By Russell Stroud
“The Internet is simply too important to be left without rules and without a referee on the field,” says Tom Wheeler, chairman of the Federal Communications Commission, “Today’s order is more powerful and more expansive than any previously suggested.”
The FCC’s vote for so-called Net Neutrality purports to allow the agency to regulate the Internet as a public utility.
Net Neutrality intends to stop Internet service providers from creating “fast lanes” that let an ISP ask more money of companies that use more online space. Netflix uses huge amounts of bandwidth, which costs the ISPs money to provide. Thus, they charge Netflix more for the usage of that bandwidth, and they’ve proposed a system for Netflix to get preferred treatment for faster delivery of Netflix video to ISP customers.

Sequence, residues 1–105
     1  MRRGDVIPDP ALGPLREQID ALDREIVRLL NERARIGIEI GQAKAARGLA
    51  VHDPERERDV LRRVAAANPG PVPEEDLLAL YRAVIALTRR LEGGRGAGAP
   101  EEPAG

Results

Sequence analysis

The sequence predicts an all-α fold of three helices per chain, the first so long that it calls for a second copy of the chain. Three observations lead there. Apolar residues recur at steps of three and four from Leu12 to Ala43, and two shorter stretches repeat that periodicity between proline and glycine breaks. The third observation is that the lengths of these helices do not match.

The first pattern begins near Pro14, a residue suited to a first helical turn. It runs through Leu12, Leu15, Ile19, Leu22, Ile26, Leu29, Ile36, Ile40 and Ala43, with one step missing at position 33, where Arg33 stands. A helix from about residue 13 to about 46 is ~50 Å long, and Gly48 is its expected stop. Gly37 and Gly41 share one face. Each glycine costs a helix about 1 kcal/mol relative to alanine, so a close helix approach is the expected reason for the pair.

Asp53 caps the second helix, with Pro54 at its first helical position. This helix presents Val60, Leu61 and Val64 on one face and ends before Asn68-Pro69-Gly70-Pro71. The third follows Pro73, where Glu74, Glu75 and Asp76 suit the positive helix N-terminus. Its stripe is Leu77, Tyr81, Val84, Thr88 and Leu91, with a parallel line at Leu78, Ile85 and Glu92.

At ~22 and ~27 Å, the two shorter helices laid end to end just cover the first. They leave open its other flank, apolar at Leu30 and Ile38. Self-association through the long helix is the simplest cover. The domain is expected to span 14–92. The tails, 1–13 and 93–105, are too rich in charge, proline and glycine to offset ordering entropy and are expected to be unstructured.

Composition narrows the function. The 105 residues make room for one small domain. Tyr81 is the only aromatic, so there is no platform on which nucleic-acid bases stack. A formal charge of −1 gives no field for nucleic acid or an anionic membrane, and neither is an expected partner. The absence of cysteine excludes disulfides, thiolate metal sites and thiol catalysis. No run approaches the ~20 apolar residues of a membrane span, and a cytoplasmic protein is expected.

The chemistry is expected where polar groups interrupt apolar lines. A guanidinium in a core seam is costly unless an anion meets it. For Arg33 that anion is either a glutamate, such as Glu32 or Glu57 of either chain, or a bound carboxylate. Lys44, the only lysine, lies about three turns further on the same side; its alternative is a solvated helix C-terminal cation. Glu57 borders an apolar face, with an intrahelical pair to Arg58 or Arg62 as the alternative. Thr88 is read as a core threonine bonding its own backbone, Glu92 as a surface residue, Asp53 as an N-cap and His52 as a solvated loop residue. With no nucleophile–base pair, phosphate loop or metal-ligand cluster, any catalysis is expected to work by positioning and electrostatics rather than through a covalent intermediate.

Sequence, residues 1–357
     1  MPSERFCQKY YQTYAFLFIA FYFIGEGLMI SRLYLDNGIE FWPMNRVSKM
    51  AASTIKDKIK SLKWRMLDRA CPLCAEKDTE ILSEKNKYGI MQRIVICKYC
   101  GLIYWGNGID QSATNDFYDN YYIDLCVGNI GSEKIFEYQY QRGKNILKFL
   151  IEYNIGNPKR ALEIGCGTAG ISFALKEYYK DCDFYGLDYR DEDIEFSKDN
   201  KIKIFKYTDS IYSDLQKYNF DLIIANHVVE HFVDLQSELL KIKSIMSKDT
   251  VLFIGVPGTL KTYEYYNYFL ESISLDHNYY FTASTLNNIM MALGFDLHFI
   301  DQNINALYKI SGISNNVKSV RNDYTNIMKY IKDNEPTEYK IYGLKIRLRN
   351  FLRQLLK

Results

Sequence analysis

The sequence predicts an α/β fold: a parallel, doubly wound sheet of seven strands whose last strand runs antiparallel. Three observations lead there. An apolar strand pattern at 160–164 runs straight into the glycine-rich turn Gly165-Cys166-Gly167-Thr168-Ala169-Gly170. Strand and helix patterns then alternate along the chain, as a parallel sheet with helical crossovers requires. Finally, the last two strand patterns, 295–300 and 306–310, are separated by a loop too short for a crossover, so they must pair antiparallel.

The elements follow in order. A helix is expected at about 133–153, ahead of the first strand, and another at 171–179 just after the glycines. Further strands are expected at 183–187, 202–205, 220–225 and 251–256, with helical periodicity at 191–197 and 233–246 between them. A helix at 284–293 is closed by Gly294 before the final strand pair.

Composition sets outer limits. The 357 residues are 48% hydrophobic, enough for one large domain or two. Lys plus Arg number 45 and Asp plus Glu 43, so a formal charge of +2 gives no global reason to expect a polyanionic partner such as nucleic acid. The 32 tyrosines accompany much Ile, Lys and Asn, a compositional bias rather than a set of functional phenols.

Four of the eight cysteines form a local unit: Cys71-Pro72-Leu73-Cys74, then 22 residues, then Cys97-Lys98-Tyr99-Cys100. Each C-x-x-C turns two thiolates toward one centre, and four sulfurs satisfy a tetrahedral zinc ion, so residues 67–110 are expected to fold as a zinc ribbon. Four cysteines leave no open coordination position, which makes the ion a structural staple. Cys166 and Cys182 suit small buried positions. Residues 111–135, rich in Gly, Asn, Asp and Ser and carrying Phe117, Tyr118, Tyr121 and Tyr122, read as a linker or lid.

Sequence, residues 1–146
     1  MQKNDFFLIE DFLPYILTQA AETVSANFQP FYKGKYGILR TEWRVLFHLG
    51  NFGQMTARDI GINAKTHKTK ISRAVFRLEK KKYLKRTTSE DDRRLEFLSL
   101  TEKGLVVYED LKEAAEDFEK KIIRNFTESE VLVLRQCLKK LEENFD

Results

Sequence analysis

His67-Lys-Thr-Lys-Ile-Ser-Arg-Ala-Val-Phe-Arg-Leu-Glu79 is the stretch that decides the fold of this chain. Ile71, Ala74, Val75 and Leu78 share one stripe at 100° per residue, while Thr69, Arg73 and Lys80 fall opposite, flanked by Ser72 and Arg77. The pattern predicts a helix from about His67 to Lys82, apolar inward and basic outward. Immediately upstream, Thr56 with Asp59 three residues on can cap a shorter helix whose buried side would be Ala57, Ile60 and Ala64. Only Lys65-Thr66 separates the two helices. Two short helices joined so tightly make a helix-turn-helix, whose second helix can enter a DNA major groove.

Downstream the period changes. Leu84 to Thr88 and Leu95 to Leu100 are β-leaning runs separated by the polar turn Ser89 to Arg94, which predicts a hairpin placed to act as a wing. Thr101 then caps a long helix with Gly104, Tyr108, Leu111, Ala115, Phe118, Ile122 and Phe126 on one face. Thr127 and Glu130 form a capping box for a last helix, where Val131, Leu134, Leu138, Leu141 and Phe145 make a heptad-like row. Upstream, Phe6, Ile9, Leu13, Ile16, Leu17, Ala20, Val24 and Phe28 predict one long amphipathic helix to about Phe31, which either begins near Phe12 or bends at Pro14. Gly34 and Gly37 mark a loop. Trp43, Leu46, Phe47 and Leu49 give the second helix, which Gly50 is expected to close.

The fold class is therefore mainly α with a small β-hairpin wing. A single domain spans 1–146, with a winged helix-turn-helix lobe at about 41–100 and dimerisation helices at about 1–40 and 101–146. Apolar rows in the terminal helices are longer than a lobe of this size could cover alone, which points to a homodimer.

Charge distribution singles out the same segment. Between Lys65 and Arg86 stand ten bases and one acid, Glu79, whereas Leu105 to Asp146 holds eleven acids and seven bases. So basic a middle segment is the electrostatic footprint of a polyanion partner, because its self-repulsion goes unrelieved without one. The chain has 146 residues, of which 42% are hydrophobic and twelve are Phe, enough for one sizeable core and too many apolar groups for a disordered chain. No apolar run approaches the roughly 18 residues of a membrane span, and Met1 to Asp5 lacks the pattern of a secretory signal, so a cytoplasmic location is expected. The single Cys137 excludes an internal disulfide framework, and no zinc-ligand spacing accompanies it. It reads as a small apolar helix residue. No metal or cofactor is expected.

Netflix naturally doesn’t want to be charged more than is absolutely necessary, so it and other companies favor the FCC’s Net Neutrality.
The FCC’s making any decision at all regarding the Internet makes a very big assumption, which is the FCC somehow has jurisdiction over the Internet. Who owns the Internet? Who is fit to regulate the Internet? Servers are the makeup of the World Wide Web, and those servers are owned by companies and by individuals, not by governments. Granted, there are those dot gov sites, just as there are national parks. But does that mean because there are national parks, the federal government may regulate how you landscape your yard or how you build a private road?
The FCC is wanting to act as a broker between the ISPs and Web companies, attempting to defeat the free market process of business dealmaking. Remember that businesses always negotiate the best service for the lowest cost for customers.
— Russell Stroud hosts Digital Drive noon to 1 p.m. weekdays on Hot News Talk Radio 1240 910 1190, a show that covers the tech sector and the free market.